According to an article on the maize situation in Kenya prepared by Diamond Lalji, the chairman of the Cereal Millers Association, the problem goes back to violence which followed the election on Dec. 27, 2007. He also blamed a delayed decision to import grain and delays in putting the decision into action as well as the export of significant quantities of maize before the export ban was put in place. Adverse weather conditions at harvest had an effect on the quantity and quality of maize available, while he said that some farmers were holding onto stocks because of their reluctance to sell to the National Cereals and Produce Board (NCPB) due to lower prices and delayed payments and their expectation that prices would rise.

Lalji also looked at the reason behind the sharp rise in prices.

"Initially, NCPB was unable to allocate adequate maize to the millers at a subsidized price of 1,750 to 1,830 KES per bag, which was intended to stabilize maize prices," he said "Recently, NCPB’s inability to allocate any maize to millers, due to building up their strategic reserves, has resulted in millers buying maize directly from farmers at higher prices ranging between 2,200 and 2,300 KES at farm gate per bag, or buying from brokers who were availing rNCPB Lalji at between maize was sharply and 2,200 offering critical and 2, it 500 of to the the KES policy mill ." - of building up stocks. "Building of strategic reserves at a time when the country is in dire need of maize is hard to comprehend," he said.

Maize flour prices have also been driven up by higher production costs. "Increased electricity and fuel costs have impacted tremendously on the cost of production and transportation," he said. Because the millers could not obtain adequate maize stocks, they were running below capacity, which also increased the cost of production per bag.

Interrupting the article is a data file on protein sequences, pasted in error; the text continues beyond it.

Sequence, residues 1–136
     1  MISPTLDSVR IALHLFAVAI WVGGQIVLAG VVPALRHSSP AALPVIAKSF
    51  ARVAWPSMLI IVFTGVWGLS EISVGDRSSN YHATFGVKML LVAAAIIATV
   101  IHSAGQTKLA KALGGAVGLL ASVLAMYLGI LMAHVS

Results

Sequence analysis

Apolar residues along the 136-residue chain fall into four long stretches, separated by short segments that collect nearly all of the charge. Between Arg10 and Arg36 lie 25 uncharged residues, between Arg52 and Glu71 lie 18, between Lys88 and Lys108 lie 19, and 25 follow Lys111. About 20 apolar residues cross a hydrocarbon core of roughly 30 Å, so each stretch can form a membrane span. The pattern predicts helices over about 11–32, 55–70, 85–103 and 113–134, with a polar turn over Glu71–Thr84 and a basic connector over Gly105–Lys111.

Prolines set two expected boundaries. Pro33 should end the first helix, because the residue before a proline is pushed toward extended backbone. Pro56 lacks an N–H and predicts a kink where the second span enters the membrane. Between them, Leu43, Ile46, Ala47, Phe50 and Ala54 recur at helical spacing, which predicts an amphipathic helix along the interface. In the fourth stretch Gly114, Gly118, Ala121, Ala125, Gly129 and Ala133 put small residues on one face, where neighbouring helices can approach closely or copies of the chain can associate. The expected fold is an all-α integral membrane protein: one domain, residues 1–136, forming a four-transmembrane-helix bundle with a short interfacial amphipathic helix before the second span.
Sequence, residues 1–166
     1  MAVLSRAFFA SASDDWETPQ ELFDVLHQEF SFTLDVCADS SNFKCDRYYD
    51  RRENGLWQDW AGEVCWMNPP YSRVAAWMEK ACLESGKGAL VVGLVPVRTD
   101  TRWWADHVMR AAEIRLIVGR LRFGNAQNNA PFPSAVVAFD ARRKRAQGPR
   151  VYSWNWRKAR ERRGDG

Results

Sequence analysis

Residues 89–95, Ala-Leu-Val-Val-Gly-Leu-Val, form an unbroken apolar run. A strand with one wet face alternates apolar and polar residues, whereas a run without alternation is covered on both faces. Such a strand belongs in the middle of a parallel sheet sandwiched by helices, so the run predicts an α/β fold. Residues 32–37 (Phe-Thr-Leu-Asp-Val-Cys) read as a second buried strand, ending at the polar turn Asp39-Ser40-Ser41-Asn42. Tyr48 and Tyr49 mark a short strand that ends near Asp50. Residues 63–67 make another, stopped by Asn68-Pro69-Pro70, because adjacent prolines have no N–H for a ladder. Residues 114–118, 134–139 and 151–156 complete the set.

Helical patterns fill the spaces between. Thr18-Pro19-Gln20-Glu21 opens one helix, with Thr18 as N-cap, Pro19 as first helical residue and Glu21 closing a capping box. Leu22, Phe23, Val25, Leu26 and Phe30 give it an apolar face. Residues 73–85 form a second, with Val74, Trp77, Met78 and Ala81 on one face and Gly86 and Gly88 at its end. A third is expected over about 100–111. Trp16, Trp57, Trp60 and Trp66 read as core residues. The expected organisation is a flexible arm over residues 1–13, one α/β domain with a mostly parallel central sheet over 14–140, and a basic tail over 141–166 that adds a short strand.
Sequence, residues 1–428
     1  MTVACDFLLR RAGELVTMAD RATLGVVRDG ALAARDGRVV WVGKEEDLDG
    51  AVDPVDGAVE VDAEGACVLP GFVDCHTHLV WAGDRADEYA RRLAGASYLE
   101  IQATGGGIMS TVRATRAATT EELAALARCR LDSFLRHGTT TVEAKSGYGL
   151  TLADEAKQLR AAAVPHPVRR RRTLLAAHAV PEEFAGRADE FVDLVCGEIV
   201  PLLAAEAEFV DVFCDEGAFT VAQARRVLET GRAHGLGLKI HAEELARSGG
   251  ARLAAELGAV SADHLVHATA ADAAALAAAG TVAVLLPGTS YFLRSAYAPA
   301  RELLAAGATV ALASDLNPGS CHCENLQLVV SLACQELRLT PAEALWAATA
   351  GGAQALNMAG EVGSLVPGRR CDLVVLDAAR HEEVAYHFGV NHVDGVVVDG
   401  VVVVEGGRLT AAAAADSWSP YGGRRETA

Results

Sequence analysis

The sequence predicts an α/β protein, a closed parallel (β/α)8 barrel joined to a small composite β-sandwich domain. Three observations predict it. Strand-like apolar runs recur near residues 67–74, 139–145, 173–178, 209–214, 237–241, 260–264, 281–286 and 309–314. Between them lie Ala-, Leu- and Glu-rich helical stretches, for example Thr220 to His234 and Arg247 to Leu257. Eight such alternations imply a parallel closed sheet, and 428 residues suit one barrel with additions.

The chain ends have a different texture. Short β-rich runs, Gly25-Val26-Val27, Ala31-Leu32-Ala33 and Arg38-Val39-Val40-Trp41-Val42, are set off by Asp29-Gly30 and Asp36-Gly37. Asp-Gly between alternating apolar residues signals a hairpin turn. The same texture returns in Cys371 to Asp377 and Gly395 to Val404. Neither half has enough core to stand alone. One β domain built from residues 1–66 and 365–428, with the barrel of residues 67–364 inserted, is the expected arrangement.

There are now two associations covering the milling industry in Kenya, Paloma Fernandes, executive officer of the Cereal Millers Association, explained. "The bigger one is the Cereal Millers Association, which includes 25 of the largest millers," she said. "The United Millers and Farmers Association came up during the maize crisis. They felt they weren’t getting enough allocation."

The millers are based in all regions of the country. "The capacity of the millers is something like 1.3 million bags a month," she said, referring to the members of the Cereal Millers Association."

If millers were running at capacity, which is not the case, this would equate to 117,000 tonnes a month. In his article, Lalji put capacity at 1.5 million bags a month, but pointed out that actual milling was running at 30% to 40% of capacity.

The Cereal Millers Association is keen to defend the industry in the face of the maize crisis. "The blame game is what we are trying to clarify," she said. "(After the election), about three million bags of maize were burnt. The government knew they had to import, but there was a delayed decision to import. The government tried to impose informal price controls, but it failed."

Kenya’s agriculture is highly fragmented, but the larger farmers produce the great majority of the output. Paloma Fernandes used the example of the wheat sector to make the point. "Twenty percent of the farmers control 80% of the output," she said. "Small-scale farmers are many, but their production is small."


The National Cereals and Produce Board (NCPB), which was established by the government in 1979, has origins which go back to the early 20th century. It was originally given monopoly powers to purchase, store, market and generally manage cereal grains and other produce in Kenya. NCPB regulated the whole grain chain with a controlled price system.

"However, due to increased food production, the cost of managing such a subsidized cereal marketing system turned out to be a heavy burden on the exchequer," its website explains.

The government started a reform program in 1988, leading to the full liberalization of the grains sector in 1993. "Grain marketing is currently fully liberalized in Kenya, allowing producers to dispose their produce to willing buyers at market-driven prices for different regions depending on supply and demand," according to the NCPB. "Commercialization has given the NCPB a new charter and vision that focuses on a commercial business role."

Chris Lyddon is World Grain’s European editor. He may be contacted at: